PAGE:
Hubbard gives a good overview of Proverbs: “The bulk of Proverbs divides into two major kinds of literature: instructive speeches, chapters 1-9; wisdom sayings, chapters 10-31. The speeches had as their main purpose to state every possible reason why wisdom should be valued and folly despised.” (43) Wisdom will beseech the reader to consider her ways. That will be the theme of chapters 1-9.
1:1 — The proverbs of Solomon, son of David, king of Israel:
Solomon was the last king of all Israel (966-926 BC). God has specially gifted Solomon for this task and these are his proverbs in addition to ones he collected into his book that were penned by other writers (30:1; 31:1). Hezekiah also played a role in conserving these proverbs (25:1, “These also are proverbs of Solomon which the men of Hezekiah king of Judah copied.”). We have all read of Solomon’s gift of wisdom. The following is a summary account of the fame of his wisdom (1K. 4:29-34):
29 And God gave Solomon wisdom and understanding beyond measure, and breadth of mind like the sand on the seashore, 30 so that Solomon’s wisdom surpassed the wisdom of all the people of the east and all the wisdom of Egypt. 31 For he was wiser than all other men, wiser than Ethan the Ezrahite, and Heman, Calcol, and Darda, the sons of Mahol, and his fame was in all the surrounding nations. 32 He also spoke 3,000 proverbs, and his songs were 1,005. 33 He spoke of trees, from the cedar that is in Lebanon to the hyssop that grows out of the wall. He spoke also of beasts, and of birds, and of reptiles, and of fish. 34 And people of all nations came to hear the wisdom of Solomon, and from all the kings of the earth, who had heard of his wisdom.
A proverb is a pithy wise saying about various things. It communicates lessons on life. These proverbs are ultimately rooted in God (see above; v. 7) and as a result, they can only make full sense in terms of God.
1:2 — To know wisdom and instruction, to understand words of insight,
These verses give us the purpose of this book. Each verse begins with “to” or “in order to” (Dl) except in v. 5. These proverbs were collected to know wisdom, etc. “To know” here means something more than mere mental knowledge acquisition. Given 2:1-4, it means personal internalization of wisdom and experiencing it in one’s life. Wisdom “is the broadest, most inclusive term available to depict the combination of observation, obedience, careful planning, prudent conduct, and sensitivity to God’s will that Israel’s wise treasured and taught…” (Hubbard, 45)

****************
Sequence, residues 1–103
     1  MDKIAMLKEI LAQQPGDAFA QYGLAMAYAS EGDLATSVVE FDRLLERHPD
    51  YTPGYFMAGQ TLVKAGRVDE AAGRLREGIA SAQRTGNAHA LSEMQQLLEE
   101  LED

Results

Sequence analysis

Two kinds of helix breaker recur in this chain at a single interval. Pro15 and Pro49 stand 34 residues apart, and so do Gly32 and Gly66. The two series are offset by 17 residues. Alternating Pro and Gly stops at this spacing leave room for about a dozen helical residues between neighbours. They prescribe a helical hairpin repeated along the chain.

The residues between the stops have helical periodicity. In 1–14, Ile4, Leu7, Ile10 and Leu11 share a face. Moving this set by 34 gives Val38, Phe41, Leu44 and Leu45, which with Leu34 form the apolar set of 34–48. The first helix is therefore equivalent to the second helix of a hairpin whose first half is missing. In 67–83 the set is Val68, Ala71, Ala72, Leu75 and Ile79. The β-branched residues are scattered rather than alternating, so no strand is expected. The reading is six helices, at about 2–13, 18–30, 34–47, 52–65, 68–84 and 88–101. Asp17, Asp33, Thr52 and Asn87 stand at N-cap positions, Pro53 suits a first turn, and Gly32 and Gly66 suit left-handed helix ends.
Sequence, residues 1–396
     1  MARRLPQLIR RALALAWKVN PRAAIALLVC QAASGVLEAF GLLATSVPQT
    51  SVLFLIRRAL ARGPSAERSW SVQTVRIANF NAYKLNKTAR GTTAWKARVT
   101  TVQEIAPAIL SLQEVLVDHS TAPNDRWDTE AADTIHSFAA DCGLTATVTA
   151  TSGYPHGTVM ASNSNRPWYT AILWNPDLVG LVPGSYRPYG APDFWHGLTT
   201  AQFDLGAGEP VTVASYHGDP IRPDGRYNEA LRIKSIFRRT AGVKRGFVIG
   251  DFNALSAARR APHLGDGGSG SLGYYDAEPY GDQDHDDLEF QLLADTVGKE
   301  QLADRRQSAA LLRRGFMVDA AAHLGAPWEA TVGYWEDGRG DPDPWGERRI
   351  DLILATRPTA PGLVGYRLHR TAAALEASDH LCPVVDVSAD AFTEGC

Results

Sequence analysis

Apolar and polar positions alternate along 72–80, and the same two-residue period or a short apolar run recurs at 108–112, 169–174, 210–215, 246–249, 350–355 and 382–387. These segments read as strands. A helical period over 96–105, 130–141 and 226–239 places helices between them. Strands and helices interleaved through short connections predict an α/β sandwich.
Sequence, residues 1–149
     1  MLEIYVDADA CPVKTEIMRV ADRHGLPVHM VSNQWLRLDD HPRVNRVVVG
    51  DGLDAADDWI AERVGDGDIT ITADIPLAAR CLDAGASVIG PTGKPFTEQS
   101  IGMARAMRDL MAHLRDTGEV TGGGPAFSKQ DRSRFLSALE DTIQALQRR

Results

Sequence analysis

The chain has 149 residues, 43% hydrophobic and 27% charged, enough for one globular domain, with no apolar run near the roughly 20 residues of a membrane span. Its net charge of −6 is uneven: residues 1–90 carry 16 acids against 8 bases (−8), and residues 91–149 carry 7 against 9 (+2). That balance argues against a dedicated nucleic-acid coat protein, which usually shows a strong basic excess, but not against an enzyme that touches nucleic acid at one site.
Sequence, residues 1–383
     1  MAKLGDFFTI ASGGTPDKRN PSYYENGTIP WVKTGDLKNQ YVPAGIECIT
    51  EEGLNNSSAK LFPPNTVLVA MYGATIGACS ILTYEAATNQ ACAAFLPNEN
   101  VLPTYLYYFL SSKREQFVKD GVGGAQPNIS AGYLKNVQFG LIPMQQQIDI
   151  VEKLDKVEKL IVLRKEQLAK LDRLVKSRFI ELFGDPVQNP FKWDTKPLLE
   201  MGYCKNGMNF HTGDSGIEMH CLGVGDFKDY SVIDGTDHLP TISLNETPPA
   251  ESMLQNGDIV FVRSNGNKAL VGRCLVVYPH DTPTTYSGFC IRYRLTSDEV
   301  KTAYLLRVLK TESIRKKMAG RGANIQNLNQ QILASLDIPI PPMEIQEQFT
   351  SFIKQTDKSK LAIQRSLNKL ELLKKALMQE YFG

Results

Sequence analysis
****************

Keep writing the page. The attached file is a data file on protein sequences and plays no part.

This wisdom cannot be possessed without instruction, which is “the means of gaining it.” (Bridges, 2) This word “instruction” is used more than thirty times and the meaning includes correction and discipline.
The person also cannot gain wisdom and instruction without an ability to understand. So Solomon says, “to understand words of insight” (NJKV, “to perceive the words of instruction”). Wisdom and instruction need to be understood, perceived, or apprehended. It is the ability “to discern the differences at stake in the choices being weighed.” (Hubbard)
1:3 — to receive instruction in wise dealing, in righteousness, justice, and equity
The goal cannot be accomplished without accepting or receiving the instruction of wisdom or “instruction in wise dealing, in righteousness, justice, and equity.” The verb means to “take, grasp, seize (manually)” or “to take away with one,” etc. This “wise dealing” or “instruction in wisdom” is qualified as “in righteousness, justice, and equity.” It reveals the ethical nature of wisdom (because not all wisdom is good). Adam and Eve thought disobedience would make them wise (“the tree was to be desired to make one wise” Gen. 3:6). That kind of craftiness, shrewdness, wisdom from below is not to be desired.
1:4 — to give prudence to the simple, knowledge and discretion to the youth-
The purpose of the book is to give prudence (hm’_r>[‘) to the simple, young, or naïve (‘to be inexperienced, be naïve”). “The opposite of the simpleminded person is not the wise but the prudent person, and this is the characteristic that the wisdom of Proverbs seeks to provide to the naïve reader: The simpleminded person is in a much better place than a fool… or a mocker…. [because] they are teachable.” (Longman) The contrast seems to be between being gullible and being shrewd.